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Russian Doll

(Stavros Kazantzidis,
aka Stavros Efthymiou
, Australia, 2001)


 


2001 was a depressing time for Australian movies: The Monkey's Mask, Serenades, Risk and Stavros Kazantzidis' Russian Doll. Even more dispiriting than a poor effort by a novice (as is the case with Serenades) is the spectacle of filmmakers' failing to live up the promise they earlier showed.

Kazantzidis (formerly Efthymiou) impressed many with his Film School short, Road to Alice (1992), but his subsequent works as director have been disappointing. And, as with Alan White (Risk), Kazantzidis' second feature is weaker than this first, True Love and Chaos (1997).

Russian Doll is a romantic comedy that fatally lacks both romance and comedy. The main characters are an uncharismatic, charmless bunch: nerdy Harvey (Hugo Weaving), cheating Ethan (David Wenham) and his prissy wife, Miriam (Rebecca Frith). The plot kicks in once Ethan convinces Harvey to 'marry for convenience' his Russian lover, Katia (Natalia Novikova). All the ensuing complications are rather predictably and indifferently handled.

As the overly jaunty and nostalgic musical score indicates, Kazantzidis and co-writer Allanah Zitserman are working in the Woody Allen-ish area of the modern-relationships comedy. Unfortunately, they veer closer to television sitcom than the 'screwball' movie classics of yesteryear. The dialogue is uninspired and often trite ("Love is... crap!"), and there is little visual or physical humour to alleviate the monotonous talk.

The one, intriguing, Billy Wilder-style possibility in this story – a fraught triangle between a jealous Ethan and the couple he inadvertently creates – is not taken up. To fill this void, the film relies on ethnic colour – numerous details of Jewish and Russian customs.

This is not a bad idea in itself, but the recourse to basic stereotypes renders it uninteresting. Russianness, for instance, here amounts to War and Peace, copious amounts of vodka and jolly folk dancing. Much comedy begins from such clichés, but imaginative humourists (like Blake Edwards) ultimately transcend them. Russian Doll does not.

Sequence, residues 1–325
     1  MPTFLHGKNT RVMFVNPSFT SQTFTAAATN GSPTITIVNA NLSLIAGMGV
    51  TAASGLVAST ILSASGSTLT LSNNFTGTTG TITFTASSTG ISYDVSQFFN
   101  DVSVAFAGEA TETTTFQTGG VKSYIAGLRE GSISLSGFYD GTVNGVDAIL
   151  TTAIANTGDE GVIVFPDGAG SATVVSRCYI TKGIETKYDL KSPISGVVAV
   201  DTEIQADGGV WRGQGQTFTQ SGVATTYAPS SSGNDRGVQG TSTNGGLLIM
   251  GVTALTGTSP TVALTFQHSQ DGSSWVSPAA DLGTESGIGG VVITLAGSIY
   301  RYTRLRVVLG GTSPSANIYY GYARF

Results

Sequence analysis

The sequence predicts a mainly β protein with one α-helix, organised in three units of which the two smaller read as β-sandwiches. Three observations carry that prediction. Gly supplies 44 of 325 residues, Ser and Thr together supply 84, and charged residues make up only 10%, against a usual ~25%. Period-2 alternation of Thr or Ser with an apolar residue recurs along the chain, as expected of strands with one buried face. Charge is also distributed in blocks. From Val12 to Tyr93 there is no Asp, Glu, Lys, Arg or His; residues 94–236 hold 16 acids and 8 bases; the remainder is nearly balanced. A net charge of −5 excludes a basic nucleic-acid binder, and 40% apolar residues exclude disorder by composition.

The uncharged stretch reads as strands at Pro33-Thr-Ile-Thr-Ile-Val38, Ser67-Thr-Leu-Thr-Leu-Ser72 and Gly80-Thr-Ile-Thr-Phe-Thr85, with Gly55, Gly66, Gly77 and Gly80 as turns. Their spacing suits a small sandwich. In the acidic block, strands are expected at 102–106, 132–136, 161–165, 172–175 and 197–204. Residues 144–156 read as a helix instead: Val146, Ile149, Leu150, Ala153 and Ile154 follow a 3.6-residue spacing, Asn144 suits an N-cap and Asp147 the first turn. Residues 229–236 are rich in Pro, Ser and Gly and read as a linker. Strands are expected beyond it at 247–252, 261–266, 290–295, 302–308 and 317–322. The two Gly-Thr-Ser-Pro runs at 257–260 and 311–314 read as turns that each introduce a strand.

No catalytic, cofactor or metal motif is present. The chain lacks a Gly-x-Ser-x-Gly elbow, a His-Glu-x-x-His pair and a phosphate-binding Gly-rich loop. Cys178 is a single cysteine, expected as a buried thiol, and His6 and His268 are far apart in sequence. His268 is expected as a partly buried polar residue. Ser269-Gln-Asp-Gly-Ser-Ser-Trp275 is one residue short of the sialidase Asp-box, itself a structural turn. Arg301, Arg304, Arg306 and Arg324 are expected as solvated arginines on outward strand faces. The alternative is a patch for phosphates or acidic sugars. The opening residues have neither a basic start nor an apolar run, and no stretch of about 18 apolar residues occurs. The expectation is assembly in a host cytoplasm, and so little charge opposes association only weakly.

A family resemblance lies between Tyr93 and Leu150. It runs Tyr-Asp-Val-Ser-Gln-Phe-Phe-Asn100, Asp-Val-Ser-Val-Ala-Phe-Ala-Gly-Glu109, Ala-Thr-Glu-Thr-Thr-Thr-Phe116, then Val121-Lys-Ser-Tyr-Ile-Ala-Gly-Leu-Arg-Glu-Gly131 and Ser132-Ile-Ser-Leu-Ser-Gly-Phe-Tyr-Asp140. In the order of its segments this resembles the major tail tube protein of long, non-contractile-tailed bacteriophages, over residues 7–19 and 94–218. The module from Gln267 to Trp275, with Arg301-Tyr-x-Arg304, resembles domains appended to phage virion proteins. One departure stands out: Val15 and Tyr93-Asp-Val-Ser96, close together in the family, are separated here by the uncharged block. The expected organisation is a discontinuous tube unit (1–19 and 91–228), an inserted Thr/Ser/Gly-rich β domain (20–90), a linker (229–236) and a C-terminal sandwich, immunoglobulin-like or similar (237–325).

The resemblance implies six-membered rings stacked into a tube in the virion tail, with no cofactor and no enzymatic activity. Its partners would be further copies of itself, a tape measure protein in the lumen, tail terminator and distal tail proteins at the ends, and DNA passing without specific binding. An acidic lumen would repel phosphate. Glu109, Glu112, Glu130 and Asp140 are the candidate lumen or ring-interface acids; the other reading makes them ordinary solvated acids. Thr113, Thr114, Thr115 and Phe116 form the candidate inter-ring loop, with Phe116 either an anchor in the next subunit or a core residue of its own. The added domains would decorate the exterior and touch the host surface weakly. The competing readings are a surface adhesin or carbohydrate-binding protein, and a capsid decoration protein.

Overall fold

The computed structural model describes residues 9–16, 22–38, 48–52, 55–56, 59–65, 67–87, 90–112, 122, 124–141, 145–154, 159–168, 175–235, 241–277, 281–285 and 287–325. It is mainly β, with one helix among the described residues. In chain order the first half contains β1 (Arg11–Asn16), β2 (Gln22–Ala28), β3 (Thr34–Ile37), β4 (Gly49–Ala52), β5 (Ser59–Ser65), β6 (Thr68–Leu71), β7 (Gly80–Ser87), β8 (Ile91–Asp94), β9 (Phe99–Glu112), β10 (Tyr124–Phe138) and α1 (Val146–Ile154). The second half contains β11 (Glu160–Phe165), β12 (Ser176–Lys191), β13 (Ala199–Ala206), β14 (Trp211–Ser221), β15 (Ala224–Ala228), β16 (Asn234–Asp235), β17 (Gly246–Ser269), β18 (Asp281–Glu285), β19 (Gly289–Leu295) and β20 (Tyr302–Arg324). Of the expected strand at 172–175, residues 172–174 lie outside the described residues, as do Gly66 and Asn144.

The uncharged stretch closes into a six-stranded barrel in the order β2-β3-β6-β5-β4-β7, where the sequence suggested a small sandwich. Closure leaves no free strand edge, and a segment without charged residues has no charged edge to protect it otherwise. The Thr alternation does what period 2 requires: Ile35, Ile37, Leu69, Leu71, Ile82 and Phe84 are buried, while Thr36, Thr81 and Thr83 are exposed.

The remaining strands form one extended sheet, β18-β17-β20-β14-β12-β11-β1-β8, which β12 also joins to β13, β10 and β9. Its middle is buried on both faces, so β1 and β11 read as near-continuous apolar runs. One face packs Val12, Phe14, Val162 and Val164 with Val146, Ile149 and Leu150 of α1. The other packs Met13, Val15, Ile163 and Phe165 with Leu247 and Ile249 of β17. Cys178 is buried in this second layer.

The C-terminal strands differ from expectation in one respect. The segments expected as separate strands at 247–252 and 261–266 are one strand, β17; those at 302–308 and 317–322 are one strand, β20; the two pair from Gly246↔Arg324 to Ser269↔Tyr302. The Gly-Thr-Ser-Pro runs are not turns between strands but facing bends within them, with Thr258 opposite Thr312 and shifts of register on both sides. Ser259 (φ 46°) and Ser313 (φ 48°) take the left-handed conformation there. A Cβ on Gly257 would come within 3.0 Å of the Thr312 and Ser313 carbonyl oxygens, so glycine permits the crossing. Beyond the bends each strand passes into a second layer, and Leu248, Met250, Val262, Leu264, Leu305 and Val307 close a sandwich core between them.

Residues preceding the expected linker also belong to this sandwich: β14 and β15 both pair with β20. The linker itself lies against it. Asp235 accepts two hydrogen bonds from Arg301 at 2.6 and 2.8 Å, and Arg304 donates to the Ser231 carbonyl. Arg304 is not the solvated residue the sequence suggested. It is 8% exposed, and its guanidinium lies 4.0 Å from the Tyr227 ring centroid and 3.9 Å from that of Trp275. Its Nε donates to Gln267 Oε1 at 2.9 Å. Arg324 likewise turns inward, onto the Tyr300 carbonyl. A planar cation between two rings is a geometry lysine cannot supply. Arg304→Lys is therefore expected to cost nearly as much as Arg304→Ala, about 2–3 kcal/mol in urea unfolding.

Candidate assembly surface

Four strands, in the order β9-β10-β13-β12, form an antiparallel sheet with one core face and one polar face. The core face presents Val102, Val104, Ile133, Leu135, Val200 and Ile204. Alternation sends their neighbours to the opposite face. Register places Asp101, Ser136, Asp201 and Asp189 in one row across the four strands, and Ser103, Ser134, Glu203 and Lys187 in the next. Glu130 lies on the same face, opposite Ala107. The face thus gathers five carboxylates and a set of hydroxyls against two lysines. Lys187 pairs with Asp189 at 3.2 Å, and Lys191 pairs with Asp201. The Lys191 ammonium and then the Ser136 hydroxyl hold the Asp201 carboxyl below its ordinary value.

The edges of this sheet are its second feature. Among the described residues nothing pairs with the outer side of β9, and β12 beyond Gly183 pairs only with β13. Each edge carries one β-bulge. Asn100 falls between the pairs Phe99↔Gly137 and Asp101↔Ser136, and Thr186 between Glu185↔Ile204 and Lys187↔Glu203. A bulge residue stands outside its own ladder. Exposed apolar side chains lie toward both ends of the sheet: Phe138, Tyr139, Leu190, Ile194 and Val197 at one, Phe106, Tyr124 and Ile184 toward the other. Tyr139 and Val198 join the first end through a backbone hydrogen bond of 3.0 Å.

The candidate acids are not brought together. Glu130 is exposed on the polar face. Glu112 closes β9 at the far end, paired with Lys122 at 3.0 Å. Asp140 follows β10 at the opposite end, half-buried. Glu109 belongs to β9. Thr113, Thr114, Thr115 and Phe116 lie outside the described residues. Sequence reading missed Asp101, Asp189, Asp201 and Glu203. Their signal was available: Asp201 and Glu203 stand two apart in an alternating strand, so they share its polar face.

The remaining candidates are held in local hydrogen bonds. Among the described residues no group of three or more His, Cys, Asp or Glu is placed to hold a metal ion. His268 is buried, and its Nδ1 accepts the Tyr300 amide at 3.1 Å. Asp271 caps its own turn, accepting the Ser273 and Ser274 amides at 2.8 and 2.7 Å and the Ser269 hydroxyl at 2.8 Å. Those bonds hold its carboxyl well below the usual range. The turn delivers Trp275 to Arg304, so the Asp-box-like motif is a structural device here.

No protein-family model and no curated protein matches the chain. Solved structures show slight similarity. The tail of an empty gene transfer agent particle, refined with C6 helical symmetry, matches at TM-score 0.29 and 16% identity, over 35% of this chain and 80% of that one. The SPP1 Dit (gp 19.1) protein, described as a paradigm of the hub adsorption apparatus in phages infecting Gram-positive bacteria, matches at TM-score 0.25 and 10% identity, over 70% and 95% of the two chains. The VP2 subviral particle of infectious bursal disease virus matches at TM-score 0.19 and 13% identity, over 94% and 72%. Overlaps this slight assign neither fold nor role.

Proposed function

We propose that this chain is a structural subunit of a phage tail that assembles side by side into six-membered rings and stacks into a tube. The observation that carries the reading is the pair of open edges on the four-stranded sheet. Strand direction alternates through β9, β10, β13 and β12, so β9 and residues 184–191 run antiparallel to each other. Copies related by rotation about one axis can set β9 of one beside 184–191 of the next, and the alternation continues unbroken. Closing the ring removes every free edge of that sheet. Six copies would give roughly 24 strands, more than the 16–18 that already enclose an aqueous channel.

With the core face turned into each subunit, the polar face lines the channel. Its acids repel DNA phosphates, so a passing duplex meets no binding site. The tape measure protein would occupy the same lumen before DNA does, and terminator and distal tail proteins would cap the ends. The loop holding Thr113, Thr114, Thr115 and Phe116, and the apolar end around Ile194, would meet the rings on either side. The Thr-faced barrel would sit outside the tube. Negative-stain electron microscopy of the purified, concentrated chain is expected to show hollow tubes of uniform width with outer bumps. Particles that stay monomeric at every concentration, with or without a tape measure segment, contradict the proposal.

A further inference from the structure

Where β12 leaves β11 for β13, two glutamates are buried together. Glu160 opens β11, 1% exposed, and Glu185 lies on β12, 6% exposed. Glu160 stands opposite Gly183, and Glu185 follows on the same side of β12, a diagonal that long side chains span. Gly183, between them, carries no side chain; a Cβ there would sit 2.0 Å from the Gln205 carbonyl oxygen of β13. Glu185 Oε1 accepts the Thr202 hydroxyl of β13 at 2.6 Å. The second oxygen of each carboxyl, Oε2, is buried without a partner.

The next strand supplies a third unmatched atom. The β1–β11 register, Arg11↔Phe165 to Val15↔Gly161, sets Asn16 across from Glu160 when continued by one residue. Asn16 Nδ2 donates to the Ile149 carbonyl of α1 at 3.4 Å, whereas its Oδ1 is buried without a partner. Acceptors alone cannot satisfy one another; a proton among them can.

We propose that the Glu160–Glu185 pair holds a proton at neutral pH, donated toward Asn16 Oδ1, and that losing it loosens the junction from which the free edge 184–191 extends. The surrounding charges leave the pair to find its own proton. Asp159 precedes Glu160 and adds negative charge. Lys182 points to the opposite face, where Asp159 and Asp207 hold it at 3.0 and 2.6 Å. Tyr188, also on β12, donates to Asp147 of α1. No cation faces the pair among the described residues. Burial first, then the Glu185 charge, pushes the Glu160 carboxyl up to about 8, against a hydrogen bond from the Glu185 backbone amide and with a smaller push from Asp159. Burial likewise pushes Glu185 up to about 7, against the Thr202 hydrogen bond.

The film's style is equally disheartening. Tiresome insertions – such as having the characters dart about shooting freeze-frame stills or digital home-video footage – pad out the running time. The look of the piece, combining zoom shots, an orange tint and TV-style framing, is often ugly and unflattering to the performers.

The actors do their best with this mediocre material, and give the film its few funny, graceful moments. Wenham has a gift for understated comedy. Sacha Horler as Liza, Katia's fruity best friend, turns the racial stereotype to her advantage through spirited exaggeration. Weaving, however, is miscast, and all that one can say for poor Novikova is that not since Erin Brockovich (2000) – or the last Russ Meyer retrospective – has a performance been so relentlessly chest-centred.

However, anyone who wants to study how completely a movie can fall apart in its final ten minutes, thus squandering any audience goodwill it may have hitherto generated, should take a look at this film. Kazantzidis obviously knows a prime convention of the romantic comedy genre: build to a wedding which is either a triumph or a disaster.

The choice which Russian Doll makes in this regard is likely to satisfy very few viewers.

© Adrian Martin June 2001


Film Critic: Adrian Martin
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